Economic policy

The state party believes that our government should put citizens in a position to attain jobs and currency. In times when the U.S. is suffering economically, the party supports the reduction of government spending.

Notable events[edit]

  • 1979: David C. Treen became the first Republican governor of Louisiana since the Reconstruction era.
  • 1988: The Republican National Convention is held at the Louisiana Superdome in New Orleans.
  • 1989: David Duke, an outspoken previous Ku Klux Klan grand wizard, was elected to legislature. In 1991, he ran for governor of Louisiana, but lost to Edwin Edwards after the Republican Party officially endorsed Edwards.
  • 2007: Bobby Jindal, a Republican, became the first Indian American man to be elected governor of an American state. He was reelected in 2011.
  • 2007: David Vitter, Republican senator of Louisiana, was named as a client in the Washington, D.C., prostitution scandal, of which he admitted to. He won re-election in 2010.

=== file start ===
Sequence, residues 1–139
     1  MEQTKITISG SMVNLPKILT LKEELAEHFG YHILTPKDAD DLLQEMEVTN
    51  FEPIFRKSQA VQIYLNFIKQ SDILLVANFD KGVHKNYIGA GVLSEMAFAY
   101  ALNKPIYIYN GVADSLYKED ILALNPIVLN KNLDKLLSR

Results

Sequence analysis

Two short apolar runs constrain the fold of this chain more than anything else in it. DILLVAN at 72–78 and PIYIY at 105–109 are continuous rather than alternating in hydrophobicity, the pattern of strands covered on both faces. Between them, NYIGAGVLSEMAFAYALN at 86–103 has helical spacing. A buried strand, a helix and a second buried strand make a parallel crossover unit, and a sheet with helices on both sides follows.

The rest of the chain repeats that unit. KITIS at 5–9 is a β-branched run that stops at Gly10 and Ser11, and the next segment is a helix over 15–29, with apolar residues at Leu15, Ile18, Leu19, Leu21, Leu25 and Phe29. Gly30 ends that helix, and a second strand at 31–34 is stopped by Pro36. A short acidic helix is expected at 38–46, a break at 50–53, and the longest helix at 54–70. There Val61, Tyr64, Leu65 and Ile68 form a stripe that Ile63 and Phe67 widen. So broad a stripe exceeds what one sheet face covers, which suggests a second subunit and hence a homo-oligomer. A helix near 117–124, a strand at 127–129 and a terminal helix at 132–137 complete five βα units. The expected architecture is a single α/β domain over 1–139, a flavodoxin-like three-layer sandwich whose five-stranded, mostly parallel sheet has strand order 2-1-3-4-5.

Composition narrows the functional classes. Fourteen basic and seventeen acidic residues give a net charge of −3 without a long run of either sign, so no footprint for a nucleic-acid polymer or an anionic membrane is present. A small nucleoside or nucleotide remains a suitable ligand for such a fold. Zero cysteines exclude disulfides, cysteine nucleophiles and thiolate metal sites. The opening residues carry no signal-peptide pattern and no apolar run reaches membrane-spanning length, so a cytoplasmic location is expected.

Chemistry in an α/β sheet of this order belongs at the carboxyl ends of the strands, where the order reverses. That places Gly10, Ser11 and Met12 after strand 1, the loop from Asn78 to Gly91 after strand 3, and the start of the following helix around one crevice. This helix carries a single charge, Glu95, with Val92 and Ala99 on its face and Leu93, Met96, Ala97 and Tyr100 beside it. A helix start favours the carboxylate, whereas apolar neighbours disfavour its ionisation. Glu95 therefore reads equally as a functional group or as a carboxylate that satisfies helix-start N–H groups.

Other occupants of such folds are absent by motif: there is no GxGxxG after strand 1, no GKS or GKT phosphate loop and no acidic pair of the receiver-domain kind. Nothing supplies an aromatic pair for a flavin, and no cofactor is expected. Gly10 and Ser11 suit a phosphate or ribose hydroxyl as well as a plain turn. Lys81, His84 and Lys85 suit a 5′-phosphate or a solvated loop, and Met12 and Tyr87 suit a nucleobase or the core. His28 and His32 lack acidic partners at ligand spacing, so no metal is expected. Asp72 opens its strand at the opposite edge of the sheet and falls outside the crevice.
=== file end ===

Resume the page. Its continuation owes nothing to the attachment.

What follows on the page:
• December 2, 2011: Buddy Roemer, previous governor of Louisiana, announces that he will seek to attain the Republican presidential nomination via a third party, split ticket through the advocacy group Americans Elect. Roemer said that he was leaving the Republican Party but remains a registered Republican voter in East Baton Rouge Parish. His son, Chas Roemer, is the Republican president of the elected Louisiana Board of Elementary and Secondary Education.

Current elected officials[edit]

The Republican Party of Louisiana controls all seven of the statewide constitutional offices and holds a majority in the Louisiana House of Representatives and in the Louisiana Senate. The party also holds one of the state's U.S. Senate seats and six of the seven U.S. House seats.

Members of Congress[edit]